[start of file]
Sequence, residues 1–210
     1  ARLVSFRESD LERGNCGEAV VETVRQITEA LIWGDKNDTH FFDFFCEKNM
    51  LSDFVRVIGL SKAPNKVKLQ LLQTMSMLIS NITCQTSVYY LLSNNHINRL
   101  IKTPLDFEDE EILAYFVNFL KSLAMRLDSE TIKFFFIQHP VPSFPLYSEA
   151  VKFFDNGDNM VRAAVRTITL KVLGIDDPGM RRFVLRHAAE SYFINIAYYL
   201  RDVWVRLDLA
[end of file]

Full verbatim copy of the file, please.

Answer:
Sequence, residues 1–210
     1  ARLVSFRESD LERGNCGEAV VETVRQITEA LIWGDKNDTH FFDFFCEKNM
    51  LSDFVRVIGL SKAPNKVKLQ LLQTMSMLIS NITCQTSVYY LLSNNHINRL
   101  IKTPLDFEDE EILAYFVNFL KSLAMRLDSE TIKFFFIQHP VPSFPLYSEA
   151  VKFFDNGDNM VRAAVRTITL KVLGIDDPGM RRFVLRHAAE SYFINIAYYL
   201  RDVWVRLDLA